Thursday, February 23

Institutions, Migrants, and Machines: Three Pivotal Transitions in American Law since 1890

Lloyd Cutler Lecture 

In this lecture, Justice Mariano-Florentino Cuéllar, of the Supreme Court of California, discusses how many countries throughout the world face dilemmas about the role of immigrants in society, the legitimacy and capacity of domestic institutions, and social and economic changes triggered by technological innovation. In the United States, Cuéllar notes, these dilemmas have had major consequences for the country’s recent history and its place in the world. »

Tuesday, February 28

The Illusion of America First

Foreign Policy Forum 

The world stands at a hinge moment in history, says William Drozdiak, a nonresident senior fellow in the Center on the United States and Europe at The Brookings Institution. In this lecture, Drozdiak will discuss the weakening of the Pax Americana that has managed global security and world trade for seven decades, the recent rise of populist nationalism in Europe, and new threats to the European Union's coherence. But the focus of this talk is the United States, where President Donald Trump has vowed to place American interests above all else. »

Thursday, March 09

Mind of the MOUND and the Moundverse

Guna S. Mundheim Artist Talk 

The MOUND is central to the mythos created by artist Trenton Doyle Hancock. The characters he invents are all linked to "Moundkind" in some way. But what is a MOUND? In this talk, Hancock explains that “Mound” is the name he gives to a species of magical mutated beings that reside in the forest. Most Mounds have black and white fur bands encircling their bodies, with pink sores interrupting the fur. »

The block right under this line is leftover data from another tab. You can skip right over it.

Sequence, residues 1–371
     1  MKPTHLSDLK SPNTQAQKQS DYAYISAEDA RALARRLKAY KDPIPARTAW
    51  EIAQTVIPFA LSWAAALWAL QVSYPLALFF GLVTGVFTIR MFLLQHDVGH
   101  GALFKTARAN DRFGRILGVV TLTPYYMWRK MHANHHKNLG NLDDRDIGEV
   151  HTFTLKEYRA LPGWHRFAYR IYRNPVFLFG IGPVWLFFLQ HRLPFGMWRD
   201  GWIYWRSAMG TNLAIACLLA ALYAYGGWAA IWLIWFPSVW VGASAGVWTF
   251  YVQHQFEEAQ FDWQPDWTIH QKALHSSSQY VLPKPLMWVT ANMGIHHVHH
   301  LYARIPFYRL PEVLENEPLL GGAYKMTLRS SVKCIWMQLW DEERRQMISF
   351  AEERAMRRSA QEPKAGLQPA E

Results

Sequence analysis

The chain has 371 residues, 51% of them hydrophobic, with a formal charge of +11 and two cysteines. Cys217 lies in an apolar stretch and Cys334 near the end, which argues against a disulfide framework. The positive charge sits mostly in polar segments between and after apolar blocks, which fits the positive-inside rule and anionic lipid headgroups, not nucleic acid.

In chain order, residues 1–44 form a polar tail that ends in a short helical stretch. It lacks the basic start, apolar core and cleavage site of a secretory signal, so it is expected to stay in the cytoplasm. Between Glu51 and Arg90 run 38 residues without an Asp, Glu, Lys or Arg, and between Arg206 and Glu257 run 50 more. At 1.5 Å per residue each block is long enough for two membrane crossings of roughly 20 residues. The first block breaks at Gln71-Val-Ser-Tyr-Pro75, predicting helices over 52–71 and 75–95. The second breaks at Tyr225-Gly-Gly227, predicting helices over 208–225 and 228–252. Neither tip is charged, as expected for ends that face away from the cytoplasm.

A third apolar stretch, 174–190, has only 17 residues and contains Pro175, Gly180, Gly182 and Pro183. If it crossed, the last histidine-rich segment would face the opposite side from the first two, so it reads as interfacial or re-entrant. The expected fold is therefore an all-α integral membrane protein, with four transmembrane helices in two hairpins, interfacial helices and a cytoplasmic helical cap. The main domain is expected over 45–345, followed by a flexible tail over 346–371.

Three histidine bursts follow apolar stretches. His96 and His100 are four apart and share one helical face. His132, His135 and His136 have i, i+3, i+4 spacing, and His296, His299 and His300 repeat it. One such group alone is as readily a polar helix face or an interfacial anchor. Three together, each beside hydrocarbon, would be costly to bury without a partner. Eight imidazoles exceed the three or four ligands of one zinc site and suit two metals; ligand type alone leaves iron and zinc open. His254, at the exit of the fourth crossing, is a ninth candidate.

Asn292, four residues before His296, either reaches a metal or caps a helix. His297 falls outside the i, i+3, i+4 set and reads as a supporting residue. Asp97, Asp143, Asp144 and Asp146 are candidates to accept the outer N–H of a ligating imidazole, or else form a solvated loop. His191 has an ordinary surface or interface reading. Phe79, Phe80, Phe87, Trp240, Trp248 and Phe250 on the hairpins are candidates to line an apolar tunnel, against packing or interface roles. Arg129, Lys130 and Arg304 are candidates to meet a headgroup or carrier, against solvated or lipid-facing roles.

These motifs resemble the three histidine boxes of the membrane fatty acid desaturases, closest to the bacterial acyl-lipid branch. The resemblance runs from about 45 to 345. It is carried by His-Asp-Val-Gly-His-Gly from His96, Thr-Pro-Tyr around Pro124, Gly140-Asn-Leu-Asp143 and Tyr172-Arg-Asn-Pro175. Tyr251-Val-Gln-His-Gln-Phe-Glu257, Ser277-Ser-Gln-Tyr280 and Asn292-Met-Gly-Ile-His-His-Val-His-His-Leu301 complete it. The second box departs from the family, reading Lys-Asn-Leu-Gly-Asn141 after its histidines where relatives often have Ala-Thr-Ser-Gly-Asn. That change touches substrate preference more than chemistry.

Thursday, March 16

Max Lorenz: Glorious Tenor in a Dark Age

American Academy Lecture 

In this lecture, Hamburg-born, New York-based critic Manuela V. Hoelterhoff tells the story of the German heldentenor Max Lorenz, who first triumphed in Bayreuth in the fateful year of 1933, when Richard Wagner's little town also welcomed Germany’s new chancellor and chief opera buff: Adolf Hitler. Until 1940, Hoelterhoff recounts, Hitler loved going to Bayreuth to watch Wagner’s proxies set the stage on fire in Gotterdammerung, the fourth and last music drama of his Ring cycle. »

Tuesday, March 28

The After Party: A Novel in Progress

Mary Ellen von der Heyden Reading 

More often than not, writer Molly Antopol’s work is driven by questions rather than themes: What happens when the causes to which a person has dedicated their life lose relevance in the course of world events? What happens to a person when they’re so intent on trying to change the world they lose sight of the people closest to them? What’s the relationship between activism and narcissism? »